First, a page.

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Wednesday ‘the most defining day’ in Geneva

File Photo: The two leaders with UN Secretary-General Antonio Guterres in Geneva in April

By Evie Andreou in Geneva

Today is expected to be the most defining day at the informal summit, sources in Geneva said on Wednesday.

According to diplomatic sources, the meetings but also behind-the-scenes consultations are expected to reveal if there is possibility of finding any common ground between the two sides, which is the goal of the Geneva meeting.

The plenary session in which the two leaders and the foreign ministers of guarantors Greece, Turkey and UK stated their positions ended at around 1.50pm Cyprus time.

UN Secretary-General Antonio Guterres is scheduled to hold separate meetings in the afternoon with all five parties and later host a dinner, which, according to diplomatic sources will be “Crans-Montana style”, meaning important aspects will be discussed on the way forward.

Depending on the outcome, it is expected that meetings might follow well into the night possibly by special envoy Jane Holl Lute with the negotiators and representatives of the foreign ministries of the three guarantors, or even by Guterres with the two leaders and the foreign ministers, sources said.

Responding to talk about what happens in the case of an impasse, diplomatic sources said that Guterres will submit his report to the Security Council with his conclusions and will be waiting for guidance by them. Sources said this is standard procedure followed after all such summits, regardless of the results and that the UN secretary-general cannot decide on his own if his mandate will change and pursue a different form of solution.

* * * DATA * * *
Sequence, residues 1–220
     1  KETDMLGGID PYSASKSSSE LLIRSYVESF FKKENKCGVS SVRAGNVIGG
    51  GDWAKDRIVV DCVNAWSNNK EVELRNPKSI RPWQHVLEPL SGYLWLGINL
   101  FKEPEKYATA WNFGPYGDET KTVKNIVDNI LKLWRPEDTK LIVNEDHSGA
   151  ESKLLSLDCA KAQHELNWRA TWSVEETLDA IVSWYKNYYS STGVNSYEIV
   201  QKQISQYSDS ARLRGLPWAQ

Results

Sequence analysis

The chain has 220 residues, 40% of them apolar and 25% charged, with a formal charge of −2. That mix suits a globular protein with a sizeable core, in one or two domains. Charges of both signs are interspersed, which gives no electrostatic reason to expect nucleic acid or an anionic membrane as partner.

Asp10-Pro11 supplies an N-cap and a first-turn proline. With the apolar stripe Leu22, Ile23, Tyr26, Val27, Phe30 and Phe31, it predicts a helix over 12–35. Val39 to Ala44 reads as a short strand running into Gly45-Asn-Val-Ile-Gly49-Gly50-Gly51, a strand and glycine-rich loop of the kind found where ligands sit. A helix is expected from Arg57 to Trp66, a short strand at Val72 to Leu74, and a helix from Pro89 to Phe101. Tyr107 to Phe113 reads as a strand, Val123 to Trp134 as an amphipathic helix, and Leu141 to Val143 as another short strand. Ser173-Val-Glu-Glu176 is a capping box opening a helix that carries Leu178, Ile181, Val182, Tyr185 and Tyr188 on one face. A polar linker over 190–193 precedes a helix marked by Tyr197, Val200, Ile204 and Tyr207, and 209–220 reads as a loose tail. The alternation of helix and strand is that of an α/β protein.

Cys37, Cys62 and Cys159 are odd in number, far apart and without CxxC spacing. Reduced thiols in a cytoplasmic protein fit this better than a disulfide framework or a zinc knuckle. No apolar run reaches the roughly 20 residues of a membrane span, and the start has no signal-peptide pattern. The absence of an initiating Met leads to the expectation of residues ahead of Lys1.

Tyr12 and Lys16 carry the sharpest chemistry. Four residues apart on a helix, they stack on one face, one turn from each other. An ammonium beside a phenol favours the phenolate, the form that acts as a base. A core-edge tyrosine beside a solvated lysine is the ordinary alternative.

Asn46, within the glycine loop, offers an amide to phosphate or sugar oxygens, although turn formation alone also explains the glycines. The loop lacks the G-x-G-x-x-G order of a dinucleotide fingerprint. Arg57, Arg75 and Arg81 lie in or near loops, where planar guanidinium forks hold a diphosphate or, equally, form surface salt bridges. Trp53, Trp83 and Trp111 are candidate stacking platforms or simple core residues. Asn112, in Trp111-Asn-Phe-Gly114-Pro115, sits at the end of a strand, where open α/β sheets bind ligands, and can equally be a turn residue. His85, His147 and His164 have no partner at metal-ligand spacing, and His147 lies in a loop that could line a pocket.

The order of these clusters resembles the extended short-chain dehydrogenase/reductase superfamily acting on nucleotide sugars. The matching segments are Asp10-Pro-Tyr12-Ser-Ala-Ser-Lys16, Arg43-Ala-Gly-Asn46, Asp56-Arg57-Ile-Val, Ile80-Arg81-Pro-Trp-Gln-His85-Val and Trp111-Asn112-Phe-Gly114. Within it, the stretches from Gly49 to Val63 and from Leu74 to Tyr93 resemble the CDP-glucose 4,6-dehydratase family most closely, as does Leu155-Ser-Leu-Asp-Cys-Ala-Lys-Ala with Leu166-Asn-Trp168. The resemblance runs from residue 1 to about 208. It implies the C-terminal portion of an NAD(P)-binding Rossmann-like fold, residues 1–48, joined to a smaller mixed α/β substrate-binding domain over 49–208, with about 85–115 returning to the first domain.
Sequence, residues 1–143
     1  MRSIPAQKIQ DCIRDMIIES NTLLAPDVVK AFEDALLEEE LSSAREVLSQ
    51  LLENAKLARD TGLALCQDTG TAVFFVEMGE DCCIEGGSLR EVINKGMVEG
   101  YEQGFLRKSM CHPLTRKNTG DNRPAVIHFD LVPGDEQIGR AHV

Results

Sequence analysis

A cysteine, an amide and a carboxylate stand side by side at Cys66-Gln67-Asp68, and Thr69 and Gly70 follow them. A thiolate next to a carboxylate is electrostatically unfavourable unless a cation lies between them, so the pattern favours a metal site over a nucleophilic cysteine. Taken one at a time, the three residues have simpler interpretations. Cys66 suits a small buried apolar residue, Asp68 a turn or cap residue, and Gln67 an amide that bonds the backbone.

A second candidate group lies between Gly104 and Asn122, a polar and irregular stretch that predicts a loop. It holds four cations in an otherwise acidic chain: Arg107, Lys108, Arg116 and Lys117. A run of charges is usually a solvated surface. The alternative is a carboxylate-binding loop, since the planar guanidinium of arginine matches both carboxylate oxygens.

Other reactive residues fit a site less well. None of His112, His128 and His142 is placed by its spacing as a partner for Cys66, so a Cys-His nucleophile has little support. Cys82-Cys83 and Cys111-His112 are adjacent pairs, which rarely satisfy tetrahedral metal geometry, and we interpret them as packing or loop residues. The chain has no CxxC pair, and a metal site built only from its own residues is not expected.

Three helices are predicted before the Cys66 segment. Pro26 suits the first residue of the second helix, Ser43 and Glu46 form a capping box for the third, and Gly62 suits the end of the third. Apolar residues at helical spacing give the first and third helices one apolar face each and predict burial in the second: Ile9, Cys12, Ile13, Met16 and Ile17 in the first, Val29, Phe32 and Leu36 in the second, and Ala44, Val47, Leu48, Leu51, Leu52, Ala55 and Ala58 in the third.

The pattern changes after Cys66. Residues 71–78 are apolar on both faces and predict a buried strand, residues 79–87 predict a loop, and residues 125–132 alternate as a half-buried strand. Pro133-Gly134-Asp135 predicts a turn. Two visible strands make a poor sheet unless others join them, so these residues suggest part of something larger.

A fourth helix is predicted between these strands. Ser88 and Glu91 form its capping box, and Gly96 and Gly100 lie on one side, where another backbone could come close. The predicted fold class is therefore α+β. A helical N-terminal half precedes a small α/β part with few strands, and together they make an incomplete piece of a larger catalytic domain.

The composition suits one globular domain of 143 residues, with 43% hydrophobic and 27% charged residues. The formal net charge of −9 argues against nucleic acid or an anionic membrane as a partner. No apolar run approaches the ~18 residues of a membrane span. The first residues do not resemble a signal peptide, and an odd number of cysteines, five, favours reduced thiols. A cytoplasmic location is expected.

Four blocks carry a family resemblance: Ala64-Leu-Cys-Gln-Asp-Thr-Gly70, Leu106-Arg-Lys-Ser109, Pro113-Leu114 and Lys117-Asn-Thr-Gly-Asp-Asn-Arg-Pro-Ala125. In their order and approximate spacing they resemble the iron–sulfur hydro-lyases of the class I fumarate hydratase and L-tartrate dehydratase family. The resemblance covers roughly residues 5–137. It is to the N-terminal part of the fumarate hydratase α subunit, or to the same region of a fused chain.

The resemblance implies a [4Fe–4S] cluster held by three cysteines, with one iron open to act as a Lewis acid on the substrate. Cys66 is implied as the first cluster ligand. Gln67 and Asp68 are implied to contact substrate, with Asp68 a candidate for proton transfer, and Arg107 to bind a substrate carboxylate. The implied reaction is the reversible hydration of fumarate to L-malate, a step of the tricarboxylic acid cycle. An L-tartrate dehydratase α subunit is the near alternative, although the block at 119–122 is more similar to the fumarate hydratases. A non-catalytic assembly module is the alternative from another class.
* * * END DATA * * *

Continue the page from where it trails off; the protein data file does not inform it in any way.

Guterres, the same sources said, told Anastasiades he was committed to this process and he wanted a result. He said if there is no result, they would have to see what the next steps are.

He also told Turkish Cypriot leader Ersin Tatar during their meeting on Tuesday that a two-state solution was outside the UN framework and he believes that most Greek Cypriots and Turkish Cypriots want a bizonal bicommunal federation, sources said.

According to diplomatic sources, during his meeting with Guterres on Tuesday, President Nicos Anastasiades suggested that, if a continuation of the process is agreed, he is willing to participate in another summit such as a tripartite meeting in New York with Tatar. The president said such meetings were useful and was willing to participate in one if Guterres deems it necessary.

He stressed, however, that they should not wait until after June’s European Council where the EU leaders will assess Turkey’s conduct. Anastasiades argued that this was important so that he would be able to have a positive stance at the council to Turkey’s demands, sources said.


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